Shadyside Struggles for Survival After Flood


It was a week of sadness in Shadyside, a time for goodbys that were all too sudden and too soon.

There were farewells to the young mother who sang in the church choir and to the little boys she loved so dearly. To husbands and wives who lived, then died together. To sons and daughters who played side by side.

Last month, they were victims of nature's fury, a flash flood that killed 24 people, a torrent of water that swept away lives, homes and businesses, ravaging the outskirts of this Appalachian foothills community.

"God never makes you face anything greater than you can handle," said Schools Supt. Bob Henry. But, he said, "Sometimes it really saps your faith."

In the office of Jefferson Elementary School, school board member Bette Anne Ponzo fielded calls at the makeshift crisis center and clutched two pieces of paper: one bearing the names of 24 dead, the other those of nine missing. As more bodies were found, one list grew longer, the other shorter.

In this town of 4,300, so many people have so many memories of the dead.

Ronald Palmer remembers Jerry and Patsy Krupa, a young couple just starting out in life. "They'd do anything in the world for you, help you in any way they could," said Palmer, 30, a firefighter who knew Jerry since kindergarten.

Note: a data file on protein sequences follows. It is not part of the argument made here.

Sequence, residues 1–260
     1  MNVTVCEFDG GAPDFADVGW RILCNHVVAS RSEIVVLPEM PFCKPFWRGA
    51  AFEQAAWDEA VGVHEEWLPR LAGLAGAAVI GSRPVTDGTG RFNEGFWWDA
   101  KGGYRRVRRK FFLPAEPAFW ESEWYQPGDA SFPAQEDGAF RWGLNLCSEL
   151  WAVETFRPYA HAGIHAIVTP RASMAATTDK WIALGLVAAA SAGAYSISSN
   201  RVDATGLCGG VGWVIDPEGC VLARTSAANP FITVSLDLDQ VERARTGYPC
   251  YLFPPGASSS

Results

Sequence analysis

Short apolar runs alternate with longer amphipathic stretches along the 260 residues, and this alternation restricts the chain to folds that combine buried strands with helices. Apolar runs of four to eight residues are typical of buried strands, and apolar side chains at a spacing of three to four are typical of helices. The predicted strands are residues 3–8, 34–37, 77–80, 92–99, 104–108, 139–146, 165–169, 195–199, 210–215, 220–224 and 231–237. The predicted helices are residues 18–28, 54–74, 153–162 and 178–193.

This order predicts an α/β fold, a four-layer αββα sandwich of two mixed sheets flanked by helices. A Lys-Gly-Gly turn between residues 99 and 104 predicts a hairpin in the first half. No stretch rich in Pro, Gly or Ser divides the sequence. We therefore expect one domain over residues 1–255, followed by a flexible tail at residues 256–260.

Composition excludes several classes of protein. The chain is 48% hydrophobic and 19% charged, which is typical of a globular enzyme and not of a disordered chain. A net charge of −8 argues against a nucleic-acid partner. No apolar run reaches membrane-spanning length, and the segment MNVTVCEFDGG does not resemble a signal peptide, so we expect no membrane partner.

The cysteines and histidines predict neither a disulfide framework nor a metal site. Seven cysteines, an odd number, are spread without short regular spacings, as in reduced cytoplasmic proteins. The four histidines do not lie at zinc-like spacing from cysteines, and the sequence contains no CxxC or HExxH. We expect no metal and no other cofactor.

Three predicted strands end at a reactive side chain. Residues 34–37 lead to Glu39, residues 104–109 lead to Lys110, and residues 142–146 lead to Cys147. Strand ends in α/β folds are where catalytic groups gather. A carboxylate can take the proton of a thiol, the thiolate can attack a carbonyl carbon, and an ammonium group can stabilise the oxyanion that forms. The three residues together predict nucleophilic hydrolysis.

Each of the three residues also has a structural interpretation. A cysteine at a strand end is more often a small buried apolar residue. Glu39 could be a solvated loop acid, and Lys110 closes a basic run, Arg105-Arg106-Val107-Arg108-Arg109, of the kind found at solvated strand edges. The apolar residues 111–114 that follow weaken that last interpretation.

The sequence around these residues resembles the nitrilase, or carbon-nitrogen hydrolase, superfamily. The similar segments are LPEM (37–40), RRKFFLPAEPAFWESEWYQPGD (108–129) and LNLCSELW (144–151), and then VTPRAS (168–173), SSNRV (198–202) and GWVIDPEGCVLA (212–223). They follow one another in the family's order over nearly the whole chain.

Patsy's 28th birthday was June 17--the day her body was found.

Becky Glaser remembers her daughter's friend Kerri Polivka, 13, a gifted student. "She danced. She sang. She did everything," Glaser said.

Ponzo remembers John and Edna Andrecht. He was a retired school janitor; she baked breads and canned goods for friends.

Ponzo's husband, Ray, remembers the Humphrey boys, David, 10, and Danny, 8, who died with their mother, Sue.

Sue, 35, was in the church choir and played flute when she was in high school. David was a budding saxophonist. Both played for Ponzo, the band director.

"Sue was quiet, but energetic," Bette Anne Ponzo said. "David was the same. Must have been patterned after her. He tried hard."

One generation, then another, now both gone.

"It's always hard for me when a young person goes," she said. "I'm 59. I've pretty much done a lot of the things I should do, but they'll never have a chance. . . . "

Ponzo's eyes brimmed with tears. "You watch kids grow up and have families," she said. "When something like this happens, you hurt. They're part of you."

"Every time there's a loss here, somebody knows them," Glaser said. "Everybody knows everybody's kids. That's why you call it home."

The Pipe and Wegee creeks, two normally tranquil tributaries of the Ohio River, erupted June 15 when 5 1/2 inches of rain fell in less than three hours. A wall of water, 20 feet high and 300 feet wide--as long as a football field--tore through the hollows, ripping asphalt from the ground, snapping trees like toothpicks, hurling cars in the air and sweeping people out of their homes.